Schneider: Well what we have done is we have introduced our idea for modernizing our tax code. We want to make sure that this opportunity to have real, true, comprehensive tax reform doesn't go to waste. We want to do more than just reform individual tax rates, we want to do more than simply lower rates over a defined time period as the Governor has proposed. We think we also need to attack corporate rates. We believe we need to modernize our sales tax system right now which the Governor also agrees with and we believe we ought to start phasing out some of these tax credits which we'll no longer need if our rates are more competitive.

Murphy: Is it just, with going after the corporate tax rates on top of it, which the Governor didn't address, and the price tags are substantially different, did Senate republicans maybe take too big a bite of the pie here in something that I know republicans have wanted to do for a long time?

Schneider: Again, what we're doing is we're just putting out an idea as to what comprehensive tax reform ought to look like. We want to make sure that we're able to take advantage of the one-time growth in state income tax revenues that we're going to see as a result of the federal tax cut. We want to make sure that we're able to make our state an attractive place to invest, to grow, not only jobs but people, as companies start to repatriate money from overseas back into the United States.

Yepsen: Senator Dotzler, what is your reaction to that?

Dotzler: Well, you know, I think that it's really supposed to be about economic development and growing our state and really this philosophy has been a failure in other states. In fact, the idea is about as fresh as an old gym sock in the bottom of a locker in my view. And if you look at Forbes Magazine, which I wouldn't call the most liberal magazine in the world, they just recently had an article about Kansas's great tax experiment that crashed and burned and that was the headlines. And in there it really did talk about the only thing that they did see growth in was in some of the corporate wage increases on the CEOs and within the company. And the real problem with Iowa, the plan that came out of the Iowa Senate, is that you cannot capture that growth because now we're lowering tax rates on the highest income earners in Iowa and actually raising it on some of the lowest income earners in Iowa.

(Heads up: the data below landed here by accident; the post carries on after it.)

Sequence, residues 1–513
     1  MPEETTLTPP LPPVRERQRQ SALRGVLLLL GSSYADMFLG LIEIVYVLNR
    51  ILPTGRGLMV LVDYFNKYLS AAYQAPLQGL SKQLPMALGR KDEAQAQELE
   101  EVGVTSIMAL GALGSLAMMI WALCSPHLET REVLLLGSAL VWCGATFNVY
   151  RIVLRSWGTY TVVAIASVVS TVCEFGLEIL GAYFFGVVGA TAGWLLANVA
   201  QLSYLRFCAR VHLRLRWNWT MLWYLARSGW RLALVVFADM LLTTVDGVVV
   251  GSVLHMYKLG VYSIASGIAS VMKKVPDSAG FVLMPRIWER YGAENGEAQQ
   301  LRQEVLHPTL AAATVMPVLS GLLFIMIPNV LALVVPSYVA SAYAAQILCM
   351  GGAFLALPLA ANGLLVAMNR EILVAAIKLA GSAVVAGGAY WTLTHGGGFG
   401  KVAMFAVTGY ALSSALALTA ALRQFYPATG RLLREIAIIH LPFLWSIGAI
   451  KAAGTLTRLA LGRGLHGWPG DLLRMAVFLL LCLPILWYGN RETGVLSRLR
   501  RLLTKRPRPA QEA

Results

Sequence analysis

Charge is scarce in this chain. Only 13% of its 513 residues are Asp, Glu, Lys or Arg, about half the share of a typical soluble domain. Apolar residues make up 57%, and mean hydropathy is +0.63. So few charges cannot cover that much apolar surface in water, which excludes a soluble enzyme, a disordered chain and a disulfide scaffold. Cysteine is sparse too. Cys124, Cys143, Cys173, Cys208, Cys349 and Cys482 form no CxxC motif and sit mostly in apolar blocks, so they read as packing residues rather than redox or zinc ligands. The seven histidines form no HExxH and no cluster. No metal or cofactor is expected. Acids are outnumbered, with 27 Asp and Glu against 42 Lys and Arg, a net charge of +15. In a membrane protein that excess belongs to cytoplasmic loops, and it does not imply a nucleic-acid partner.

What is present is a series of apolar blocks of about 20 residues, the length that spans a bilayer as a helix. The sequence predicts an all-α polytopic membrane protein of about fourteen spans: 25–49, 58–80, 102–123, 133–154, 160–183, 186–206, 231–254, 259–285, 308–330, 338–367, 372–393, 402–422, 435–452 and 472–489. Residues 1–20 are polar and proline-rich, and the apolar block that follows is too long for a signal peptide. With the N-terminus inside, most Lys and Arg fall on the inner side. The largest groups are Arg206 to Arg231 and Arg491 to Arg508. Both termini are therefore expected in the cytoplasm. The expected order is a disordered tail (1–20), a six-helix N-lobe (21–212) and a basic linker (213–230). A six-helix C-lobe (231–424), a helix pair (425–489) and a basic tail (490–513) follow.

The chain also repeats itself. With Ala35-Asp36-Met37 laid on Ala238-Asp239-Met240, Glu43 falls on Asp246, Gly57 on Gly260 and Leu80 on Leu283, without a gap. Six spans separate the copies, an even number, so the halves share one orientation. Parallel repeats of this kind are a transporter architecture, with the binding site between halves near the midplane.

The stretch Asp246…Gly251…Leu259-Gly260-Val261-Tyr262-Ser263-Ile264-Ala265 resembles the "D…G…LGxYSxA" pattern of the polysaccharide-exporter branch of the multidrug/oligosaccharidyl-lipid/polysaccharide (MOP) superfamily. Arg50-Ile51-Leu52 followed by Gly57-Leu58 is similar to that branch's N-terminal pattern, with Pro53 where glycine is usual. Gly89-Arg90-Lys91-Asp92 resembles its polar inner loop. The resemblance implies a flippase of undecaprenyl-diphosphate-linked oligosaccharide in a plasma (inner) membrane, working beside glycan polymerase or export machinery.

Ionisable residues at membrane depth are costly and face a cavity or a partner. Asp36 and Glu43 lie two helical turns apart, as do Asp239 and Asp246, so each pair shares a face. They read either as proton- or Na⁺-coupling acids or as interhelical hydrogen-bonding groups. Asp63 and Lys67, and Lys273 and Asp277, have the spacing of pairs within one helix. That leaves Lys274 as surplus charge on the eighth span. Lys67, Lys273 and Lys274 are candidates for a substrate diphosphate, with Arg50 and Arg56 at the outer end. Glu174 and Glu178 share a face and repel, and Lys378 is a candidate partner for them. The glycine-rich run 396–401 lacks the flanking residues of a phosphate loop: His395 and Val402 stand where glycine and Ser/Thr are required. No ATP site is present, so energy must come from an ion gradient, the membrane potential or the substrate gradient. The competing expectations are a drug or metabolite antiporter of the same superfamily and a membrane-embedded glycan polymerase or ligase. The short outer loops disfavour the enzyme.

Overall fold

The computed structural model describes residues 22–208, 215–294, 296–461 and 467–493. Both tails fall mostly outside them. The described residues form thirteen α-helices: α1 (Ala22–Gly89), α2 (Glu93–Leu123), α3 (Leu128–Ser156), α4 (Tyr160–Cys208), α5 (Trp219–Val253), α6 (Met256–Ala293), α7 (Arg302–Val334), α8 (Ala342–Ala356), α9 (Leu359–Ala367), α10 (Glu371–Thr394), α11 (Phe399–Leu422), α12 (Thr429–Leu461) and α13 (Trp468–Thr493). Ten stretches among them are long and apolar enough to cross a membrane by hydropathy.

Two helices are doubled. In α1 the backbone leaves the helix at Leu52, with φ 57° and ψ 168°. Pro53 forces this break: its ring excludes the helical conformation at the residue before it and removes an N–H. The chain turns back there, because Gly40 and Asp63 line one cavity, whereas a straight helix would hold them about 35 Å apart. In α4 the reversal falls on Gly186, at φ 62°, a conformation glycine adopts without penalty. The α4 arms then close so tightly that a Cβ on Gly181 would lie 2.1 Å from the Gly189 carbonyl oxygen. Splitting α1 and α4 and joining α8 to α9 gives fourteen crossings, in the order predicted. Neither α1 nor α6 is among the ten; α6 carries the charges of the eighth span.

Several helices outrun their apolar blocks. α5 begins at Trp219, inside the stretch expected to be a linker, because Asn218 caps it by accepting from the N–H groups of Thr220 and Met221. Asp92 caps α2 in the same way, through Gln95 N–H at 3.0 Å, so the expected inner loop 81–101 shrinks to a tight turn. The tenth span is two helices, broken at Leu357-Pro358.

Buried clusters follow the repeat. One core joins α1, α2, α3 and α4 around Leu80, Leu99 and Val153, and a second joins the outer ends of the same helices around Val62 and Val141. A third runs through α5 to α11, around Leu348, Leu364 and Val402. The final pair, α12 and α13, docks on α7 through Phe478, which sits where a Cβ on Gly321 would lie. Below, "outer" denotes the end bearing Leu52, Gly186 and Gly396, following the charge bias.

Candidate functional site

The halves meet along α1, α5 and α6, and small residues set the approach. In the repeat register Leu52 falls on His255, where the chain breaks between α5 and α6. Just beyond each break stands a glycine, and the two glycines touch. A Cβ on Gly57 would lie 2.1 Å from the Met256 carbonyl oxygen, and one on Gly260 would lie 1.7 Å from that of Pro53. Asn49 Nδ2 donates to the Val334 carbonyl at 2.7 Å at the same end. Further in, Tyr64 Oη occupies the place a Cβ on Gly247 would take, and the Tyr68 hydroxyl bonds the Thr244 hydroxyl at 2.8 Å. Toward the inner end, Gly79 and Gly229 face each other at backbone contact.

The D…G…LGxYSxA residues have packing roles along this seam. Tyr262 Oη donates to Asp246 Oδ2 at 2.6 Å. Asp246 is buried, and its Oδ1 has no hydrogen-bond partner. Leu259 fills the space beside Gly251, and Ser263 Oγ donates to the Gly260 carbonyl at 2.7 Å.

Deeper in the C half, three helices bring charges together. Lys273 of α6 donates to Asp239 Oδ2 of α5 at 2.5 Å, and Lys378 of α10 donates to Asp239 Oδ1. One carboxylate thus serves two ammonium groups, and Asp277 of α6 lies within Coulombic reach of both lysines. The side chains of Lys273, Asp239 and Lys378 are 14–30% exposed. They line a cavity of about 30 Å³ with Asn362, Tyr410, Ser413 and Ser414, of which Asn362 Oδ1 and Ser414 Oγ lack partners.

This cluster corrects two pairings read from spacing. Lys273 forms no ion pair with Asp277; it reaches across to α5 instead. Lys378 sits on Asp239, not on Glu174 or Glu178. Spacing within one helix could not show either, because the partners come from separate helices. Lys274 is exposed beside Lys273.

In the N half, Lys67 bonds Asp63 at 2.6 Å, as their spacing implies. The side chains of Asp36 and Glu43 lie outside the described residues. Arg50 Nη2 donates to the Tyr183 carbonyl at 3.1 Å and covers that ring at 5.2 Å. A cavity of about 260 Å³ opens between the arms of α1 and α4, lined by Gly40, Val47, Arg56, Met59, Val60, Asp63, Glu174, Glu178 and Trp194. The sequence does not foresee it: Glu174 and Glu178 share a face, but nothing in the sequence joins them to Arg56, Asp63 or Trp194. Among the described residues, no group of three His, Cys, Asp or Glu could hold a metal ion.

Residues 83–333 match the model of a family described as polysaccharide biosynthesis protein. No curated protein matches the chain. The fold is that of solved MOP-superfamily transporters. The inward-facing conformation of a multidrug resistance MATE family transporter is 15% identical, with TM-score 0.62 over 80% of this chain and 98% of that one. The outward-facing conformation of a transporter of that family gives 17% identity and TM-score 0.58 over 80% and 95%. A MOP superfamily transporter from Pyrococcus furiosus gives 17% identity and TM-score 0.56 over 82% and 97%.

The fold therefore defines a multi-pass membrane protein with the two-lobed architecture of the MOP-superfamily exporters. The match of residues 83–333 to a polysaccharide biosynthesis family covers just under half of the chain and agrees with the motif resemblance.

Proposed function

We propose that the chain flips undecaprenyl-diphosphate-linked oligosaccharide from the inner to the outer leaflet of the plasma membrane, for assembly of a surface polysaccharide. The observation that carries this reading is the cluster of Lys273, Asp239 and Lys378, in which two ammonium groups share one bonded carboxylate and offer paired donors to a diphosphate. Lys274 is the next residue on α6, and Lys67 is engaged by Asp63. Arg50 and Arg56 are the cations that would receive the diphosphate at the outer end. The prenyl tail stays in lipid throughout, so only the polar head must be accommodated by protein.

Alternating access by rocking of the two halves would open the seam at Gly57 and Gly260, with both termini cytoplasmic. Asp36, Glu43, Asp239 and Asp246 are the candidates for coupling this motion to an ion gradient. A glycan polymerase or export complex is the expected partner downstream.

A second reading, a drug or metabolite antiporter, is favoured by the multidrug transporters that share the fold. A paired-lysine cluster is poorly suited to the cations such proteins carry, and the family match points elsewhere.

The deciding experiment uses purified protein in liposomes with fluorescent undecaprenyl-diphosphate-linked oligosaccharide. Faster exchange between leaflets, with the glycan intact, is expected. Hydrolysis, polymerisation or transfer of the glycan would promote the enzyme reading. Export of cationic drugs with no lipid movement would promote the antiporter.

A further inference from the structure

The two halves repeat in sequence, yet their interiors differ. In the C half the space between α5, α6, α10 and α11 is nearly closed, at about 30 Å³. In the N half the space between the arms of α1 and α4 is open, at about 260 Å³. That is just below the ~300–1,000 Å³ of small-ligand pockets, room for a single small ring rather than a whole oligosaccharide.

Murphy: Senator Schneider, we hear that a lot from opponents of these kind of plans, worry about Kansas, what happened in Kansas. Is Iowa in danger of seeing what happened in Kansas with their budget troubles if this plan is enacted?

Schneider: Absolutely not. Kansas provides some good examples of what not to do and we want to avoid getting ourselves into the same situation Kansas did. Their failure I think was in not managing spending. They were too aggressive with the tax cuts without also being realistic about managing spending. Look at other states that have done a good job of lowering their tax rates and managing spending, like North Carolina, Indiana, Tennessee, states that aren't all that different from Iowa in some ways, they have done well because they have done a good job of managing both and that is what we want to do too.

Henderson: So you're the leader of the Appropriations Committee. You have a billion dollars’ worth of cuts ready for next year?

Schneider: We know that from our tax plan we'll see an increase in, or some of the components of our plan will help offset the loss in revenue. So for example, getting rid of federal deductibility will mean that instead of using that increase in state revenue for government spending we're going to use it to buy down rates. Our sales tax modernization plan will result in more sales tax revenue into the state. Our leveling of the playing field and spending less on tax credits and deductions and exemptions will mean that we'll be giving away less money to try and entice companies here. We won't need to do that because rates will be lower.